I've not been a big fan of Pittsburgh Steeler head coach Bill Cowher. I don't like the type. If I had to choose a coaching style (I try to stay away from sports talk and sports in general), I'd pick the laid-back technique of Tom Landry. That macho-aggressive stance that guys like Cowher adopt makes me cringe. (There's probably an element of projection here.) Cowher represents for me the epitome of a boy who never really grew up, but rather diverted all of his childhood issues into sports. That bulldog jaw and those exaggerated pouty lips that he displays when plays go badly perfectly expose the little kid in him who cannot get his way. Grow up.

But watching someone self-destruct isn't pretty. As much as I've disliked him in the past, I can't help by empathize with Cowher now. He was recently fined $10K for criticizing the referee's decision not to review a play on instant replay after what he thought was a bad call in the last two minutes of a game. And the call was, it seemed to me (and to a lot of others), a good one. When I first heard of the fine, I cheered. But it's sad, really. The guy can't handle defeat, and so this is a bad year for him. He's falling apart, and his news conferences are painful to watch as he hmms and haws around, trying to put the best spin on his losing season, coming up with lame self-conscious attributions, when it looks like all he wants to do is go off in a corner somewhere and cry. Poor guy. But he dug the hole he's in and he's going to have to climb out of it himself. I suggest he try some age-regression therapy instead of pursuing his motivational football tactics.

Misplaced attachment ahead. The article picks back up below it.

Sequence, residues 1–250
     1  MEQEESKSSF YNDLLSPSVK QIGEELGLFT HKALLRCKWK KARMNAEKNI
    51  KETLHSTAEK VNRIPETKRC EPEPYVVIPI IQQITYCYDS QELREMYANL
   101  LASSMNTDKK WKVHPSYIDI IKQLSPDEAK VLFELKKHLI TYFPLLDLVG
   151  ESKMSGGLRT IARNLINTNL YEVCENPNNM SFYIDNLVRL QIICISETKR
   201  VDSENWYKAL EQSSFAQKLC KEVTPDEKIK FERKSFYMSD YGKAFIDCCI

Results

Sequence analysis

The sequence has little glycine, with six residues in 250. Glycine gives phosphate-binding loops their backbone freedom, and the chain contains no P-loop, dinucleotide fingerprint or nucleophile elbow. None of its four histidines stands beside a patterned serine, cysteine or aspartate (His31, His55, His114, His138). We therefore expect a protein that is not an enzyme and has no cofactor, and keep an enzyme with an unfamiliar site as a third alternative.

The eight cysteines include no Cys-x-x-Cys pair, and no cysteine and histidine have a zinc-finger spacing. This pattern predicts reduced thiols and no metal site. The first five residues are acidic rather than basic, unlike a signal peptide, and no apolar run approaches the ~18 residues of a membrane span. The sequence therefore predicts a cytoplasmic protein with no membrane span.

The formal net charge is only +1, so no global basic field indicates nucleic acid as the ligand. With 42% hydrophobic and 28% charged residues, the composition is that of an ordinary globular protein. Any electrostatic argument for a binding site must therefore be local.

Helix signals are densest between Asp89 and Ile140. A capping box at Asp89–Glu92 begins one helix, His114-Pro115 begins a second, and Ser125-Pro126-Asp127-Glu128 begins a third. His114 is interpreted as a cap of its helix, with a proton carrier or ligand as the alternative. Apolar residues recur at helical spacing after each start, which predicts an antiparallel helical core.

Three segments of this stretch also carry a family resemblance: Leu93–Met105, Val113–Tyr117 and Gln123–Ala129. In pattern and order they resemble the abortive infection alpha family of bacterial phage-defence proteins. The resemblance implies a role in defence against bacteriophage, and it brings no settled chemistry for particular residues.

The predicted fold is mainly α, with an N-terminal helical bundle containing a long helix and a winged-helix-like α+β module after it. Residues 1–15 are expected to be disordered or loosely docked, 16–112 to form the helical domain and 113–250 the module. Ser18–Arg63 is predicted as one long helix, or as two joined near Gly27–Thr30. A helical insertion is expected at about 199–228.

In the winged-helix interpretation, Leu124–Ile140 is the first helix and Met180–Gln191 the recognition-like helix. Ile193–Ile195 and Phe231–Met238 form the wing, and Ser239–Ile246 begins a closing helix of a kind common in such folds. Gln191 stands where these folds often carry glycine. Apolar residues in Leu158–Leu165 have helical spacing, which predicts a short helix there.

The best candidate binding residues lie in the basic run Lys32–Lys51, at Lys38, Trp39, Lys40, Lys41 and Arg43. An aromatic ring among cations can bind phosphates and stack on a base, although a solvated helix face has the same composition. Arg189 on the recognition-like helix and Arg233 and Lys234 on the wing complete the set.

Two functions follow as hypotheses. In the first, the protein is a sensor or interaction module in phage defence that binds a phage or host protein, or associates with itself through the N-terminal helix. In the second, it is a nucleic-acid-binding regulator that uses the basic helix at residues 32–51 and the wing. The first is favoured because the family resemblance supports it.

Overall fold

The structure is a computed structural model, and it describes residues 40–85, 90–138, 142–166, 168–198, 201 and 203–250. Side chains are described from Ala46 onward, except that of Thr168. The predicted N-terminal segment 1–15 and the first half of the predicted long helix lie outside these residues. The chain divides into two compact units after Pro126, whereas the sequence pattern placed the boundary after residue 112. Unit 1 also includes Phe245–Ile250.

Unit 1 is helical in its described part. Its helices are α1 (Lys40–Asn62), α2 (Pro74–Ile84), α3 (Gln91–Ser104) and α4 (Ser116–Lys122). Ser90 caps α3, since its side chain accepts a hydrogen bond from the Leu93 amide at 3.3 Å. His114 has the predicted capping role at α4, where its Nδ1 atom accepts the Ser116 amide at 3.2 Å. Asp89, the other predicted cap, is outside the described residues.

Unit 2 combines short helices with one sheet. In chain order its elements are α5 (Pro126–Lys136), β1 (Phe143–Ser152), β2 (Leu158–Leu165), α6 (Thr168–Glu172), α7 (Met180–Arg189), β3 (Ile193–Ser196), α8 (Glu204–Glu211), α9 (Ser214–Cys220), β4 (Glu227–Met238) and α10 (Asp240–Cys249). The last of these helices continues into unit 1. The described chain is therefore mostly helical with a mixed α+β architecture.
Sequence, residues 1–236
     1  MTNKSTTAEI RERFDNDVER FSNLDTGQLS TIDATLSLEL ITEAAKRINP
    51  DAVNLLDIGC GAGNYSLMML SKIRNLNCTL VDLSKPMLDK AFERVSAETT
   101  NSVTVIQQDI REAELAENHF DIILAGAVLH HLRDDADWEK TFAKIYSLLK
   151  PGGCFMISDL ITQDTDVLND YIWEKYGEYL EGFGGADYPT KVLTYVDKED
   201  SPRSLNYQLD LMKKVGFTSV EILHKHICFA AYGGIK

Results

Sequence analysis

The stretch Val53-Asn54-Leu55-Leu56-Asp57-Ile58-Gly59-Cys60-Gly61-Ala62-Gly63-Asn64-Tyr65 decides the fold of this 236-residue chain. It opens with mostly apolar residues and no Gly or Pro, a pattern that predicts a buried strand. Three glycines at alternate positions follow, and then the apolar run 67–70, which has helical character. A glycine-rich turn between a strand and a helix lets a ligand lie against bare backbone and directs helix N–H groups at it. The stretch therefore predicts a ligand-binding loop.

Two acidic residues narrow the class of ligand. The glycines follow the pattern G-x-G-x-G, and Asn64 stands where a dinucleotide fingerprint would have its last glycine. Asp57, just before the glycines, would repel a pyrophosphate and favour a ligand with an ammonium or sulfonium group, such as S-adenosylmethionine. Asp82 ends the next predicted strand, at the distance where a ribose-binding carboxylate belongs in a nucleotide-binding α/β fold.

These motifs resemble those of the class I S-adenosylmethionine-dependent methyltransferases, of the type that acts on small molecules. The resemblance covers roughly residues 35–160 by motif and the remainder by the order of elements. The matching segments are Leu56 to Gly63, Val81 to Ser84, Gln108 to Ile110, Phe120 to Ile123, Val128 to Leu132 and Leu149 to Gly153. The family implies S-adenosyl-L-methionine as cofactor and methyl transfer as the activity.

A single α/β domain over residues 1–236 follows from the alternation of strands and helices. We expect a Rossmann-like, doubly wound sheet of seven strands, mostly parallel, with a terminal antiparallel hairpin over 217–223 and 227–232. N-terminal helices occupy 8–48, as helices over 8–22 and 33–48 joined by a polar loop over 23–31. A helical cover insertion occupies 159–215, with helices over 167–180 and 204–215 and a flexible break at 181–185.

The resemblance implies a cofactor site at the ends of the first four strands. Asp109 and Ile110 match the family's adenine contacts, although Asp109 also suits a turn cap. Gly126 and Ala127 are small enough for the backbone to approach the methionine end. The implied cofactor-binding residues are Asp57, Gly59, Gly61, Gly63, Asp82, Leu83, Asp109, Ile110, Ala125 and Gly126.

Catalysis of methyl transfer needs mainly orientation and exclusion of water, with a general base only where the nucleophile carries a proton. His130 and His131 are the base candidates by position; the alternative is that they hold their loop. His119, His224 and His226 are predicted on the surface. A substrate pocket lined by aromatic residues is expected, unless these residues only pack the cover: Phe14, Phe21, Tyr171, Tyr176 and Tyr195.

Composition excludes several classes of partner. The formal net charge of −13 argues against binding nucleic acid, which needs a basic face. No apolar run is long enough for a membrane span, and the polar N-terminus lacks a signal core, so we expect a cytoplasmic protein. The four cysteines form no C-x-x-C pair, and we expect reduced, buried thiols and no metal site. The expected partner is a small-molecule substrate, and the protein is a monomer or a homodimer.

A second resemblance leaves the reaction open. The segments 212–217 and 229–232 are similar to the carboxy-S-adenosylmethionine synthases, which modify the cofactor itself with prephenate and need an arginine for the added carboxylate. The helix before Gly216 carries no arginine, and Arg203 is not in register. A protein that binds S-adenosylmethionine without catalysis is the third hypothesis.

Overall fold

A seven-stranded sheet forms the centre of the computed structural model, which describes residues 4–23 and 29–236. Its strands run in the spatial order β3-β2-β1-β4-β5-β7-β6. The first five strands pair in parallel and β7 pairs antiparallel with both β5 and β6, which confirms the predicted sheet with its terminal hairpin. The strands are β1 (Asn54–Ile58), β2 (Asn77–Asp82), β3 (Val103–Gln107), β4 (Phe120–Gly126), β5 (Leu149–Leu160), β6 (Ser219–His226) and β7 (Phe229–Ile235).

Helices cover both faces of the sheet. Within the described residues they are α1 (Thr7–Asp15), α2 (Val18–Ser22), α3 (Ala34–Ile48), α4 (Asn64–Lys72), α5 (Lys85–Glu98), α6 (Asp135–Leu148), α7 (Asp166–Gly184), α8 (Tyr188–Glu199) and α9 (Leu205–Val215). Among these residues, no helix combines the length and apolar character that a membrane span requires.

This evening, after sleeping the whole afternoon, I stumbled across a jobs website while surfing the Net and went off on one of my "what if I would go out and get a job" flights of imagination.